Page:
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Satya Nadella appoints former Bill Clinton aide and anti-Google man Mark Penn as Microsoft's CSO

Satya Nadella is still decorating his new office as Microsoft CEO, but he's wasted no time making sweeping executive changes. In the same internal memo that announced the departure of senior leaders Tony Bates and Tami Reller, the company revealed that Mark Penn is the Redmond firm's new chief strategy officer.

Penn joined Microsoft as a full-time employee in 2012 after two decades of advising Microsoft co-founder Bill Gates. He worked for decades as a political advisor and pollster, coming to prominence with partner Doug Schoen with their work on Ed Koch's 1977 mayoral campaign. Along with Michael Berland, they had founded polling and market research firm Penn Schoen Berland (PSB) a couple of years earlier.

Penn served as an advisor to President Bill Clinton from 1994 to 2000, and later assisted Hilary Clinton in her successful Senate runs and unsuccessful presidential bid in 2008. Prior to joining Microsoft, he was CEO of Burson-Marsteller, leaving the PR firm in 2012 to become a corporate vice president and strategy specialist in Redmond.

"Mark brings a blend of data analysis and creativity that has led to new ways of working and strong market outcomes such as the 'Honestly' campaign and the Super Bowl ad, both of which were widely cited as examples of high impact advertising across the industry," Nadella said in a memo.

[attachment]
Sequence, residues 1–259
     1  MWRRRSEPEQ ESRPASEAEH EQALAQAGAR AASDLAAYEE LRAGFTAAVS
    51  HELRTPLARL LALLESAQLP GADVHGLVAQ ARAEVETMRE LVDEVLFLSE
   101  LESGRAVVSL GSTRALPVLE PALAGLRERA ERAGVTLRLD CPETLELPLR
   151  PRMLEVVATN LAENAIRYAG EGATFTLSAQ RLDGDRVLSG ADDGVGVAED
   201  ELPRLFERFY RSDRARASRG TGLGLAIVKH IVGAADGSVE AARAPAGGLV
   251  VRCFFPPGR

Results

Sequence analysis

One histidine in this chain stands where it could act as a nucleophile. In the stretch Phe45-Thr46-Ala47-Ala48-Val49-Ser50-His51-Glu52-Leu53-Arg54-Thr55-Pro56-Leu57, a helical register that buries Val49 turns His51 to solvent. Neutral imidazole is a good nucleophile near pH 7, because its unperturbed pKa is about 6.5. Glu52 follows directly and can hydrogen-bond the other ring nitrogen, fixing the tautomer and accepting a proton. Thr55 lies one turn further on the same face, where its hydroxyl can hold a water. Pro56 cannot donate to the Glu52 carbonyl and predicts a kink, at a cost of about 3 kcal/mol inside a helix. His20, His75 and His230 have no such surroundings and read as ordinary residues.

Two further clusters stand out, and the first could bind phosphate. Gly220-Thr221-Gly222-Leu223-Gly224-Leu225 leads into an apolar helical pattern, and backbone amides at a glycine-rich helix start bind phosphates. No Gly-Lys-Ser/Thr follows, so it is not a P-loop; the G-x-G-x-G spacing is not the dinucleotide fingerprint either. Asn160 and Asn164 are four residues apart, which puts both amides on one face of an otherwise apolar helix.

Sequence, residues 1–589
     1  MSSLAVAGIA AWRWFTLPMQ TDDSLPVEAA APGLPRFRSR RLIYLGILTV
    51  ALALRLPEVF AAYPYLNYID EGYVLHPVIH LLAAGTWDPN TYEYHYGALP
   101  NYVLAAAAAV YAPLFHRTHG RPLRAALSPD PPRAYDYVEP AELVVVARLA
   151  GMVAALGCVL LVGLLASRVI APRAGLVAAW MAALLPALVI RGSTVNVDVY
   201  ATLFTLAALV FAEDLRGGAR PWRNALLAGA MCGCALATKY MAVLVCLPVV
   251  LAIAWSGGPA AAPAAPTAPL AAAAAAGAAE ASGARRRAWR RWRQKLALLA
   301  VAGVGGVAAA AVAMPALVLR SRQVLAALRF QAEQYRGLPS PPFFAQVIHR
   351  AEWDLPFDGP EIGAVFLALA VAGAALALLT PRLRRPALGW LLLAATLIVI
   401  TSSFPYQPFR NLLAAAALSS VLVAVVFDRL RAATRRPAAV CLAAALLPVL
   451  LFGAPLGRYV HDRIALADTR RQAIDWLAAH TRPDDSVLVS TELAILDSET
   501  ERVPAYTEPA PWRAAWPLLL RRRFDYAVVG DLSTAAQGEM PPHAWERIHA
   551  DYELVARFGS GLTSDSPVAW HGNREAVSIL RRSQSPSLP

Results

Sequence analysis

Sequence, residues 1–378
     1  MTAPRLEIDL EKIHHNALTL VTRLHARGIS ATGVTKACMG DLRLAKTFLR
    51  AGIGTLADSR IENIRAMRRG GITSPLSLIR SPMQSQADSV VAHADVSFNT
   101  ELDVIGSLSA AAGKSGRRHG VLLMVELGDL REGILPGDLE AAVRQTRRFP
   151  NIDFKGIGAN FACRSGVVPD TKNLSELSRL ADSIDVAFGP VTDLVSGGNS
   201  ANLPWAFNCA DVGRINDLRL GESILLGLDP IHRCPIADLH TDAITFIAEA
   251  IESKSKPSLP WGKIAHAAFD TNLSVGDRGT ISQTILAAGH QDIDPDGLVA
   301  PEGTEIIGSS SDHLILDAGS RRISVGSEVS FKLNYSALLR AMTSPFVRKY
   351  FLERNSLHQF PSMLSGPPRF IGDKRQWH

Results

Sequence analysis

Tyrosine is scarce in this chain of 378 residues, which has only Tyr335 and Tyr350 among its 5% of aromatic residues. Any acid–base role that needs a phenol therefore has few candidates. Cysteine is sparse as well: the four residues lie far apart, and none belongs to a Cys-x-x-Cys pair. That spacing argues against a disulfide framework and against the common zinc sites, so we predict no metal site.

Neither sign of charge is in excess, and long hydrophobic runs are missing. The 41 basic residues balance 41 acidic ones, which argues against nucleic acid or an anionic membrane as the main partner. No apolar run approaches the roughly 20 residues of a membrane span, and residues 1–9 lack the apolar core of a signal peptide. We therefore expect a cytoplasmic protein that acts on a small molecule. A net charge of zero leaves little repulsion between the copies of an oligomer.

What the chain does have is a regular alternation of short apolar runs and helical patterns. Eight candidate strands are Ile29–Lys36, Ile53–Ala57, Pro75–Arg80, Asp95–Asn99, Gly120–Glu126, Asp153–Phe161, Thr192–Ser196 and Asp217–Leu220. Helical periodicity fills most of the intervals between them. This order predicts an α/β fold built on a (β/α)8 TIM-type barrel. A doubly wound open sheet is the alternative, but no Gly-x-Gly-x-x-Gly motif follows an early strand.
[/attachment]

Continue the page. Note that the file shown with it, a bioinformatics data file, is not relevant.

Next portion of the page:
Penn's work also includes the famed anti-Google "Scroogled" campaign, as well as the Google-versus-Bing "blind taste test" advertisements, the New York Times pointed out.

Reporting to Nadella, Penn has earned a spot on the Senior Leadership Team (SLT) and will continue aiding Microsoft's competitive research and analysis departments. He will, however, turn over the company's advertising budget to executive Chris Caposella.

"I am looking forward to applying Mark's unique skill set across a broader set of challenges facing the company, from new product ideas to helping shape the overall areas of strategic investment," Nadella said.

This news comes alongside the announcement that executive vice president of business strategy and evangelism Tony Bates, as well as executive vice president of marketing Tami Reller are departing the company to "pursue other interests" outside of Redmond.

Former Skype CEO Bates was on the shortlist for the Microsoft CEO position, but now intends to "look for his next opportunity" elsewhere. He will be replaced in the interim by Eric Rudder, current executive vice president of advanced strategy. Reller, meanwhile, was one of the company's top female leaders, and among the last remaining executives from the team that produced Windows 8.

This shakeup began early last month, when Nadella was named head of the tech giant, taking the reigns from Steve Ballmer, who announced plans to step down as CEO in August.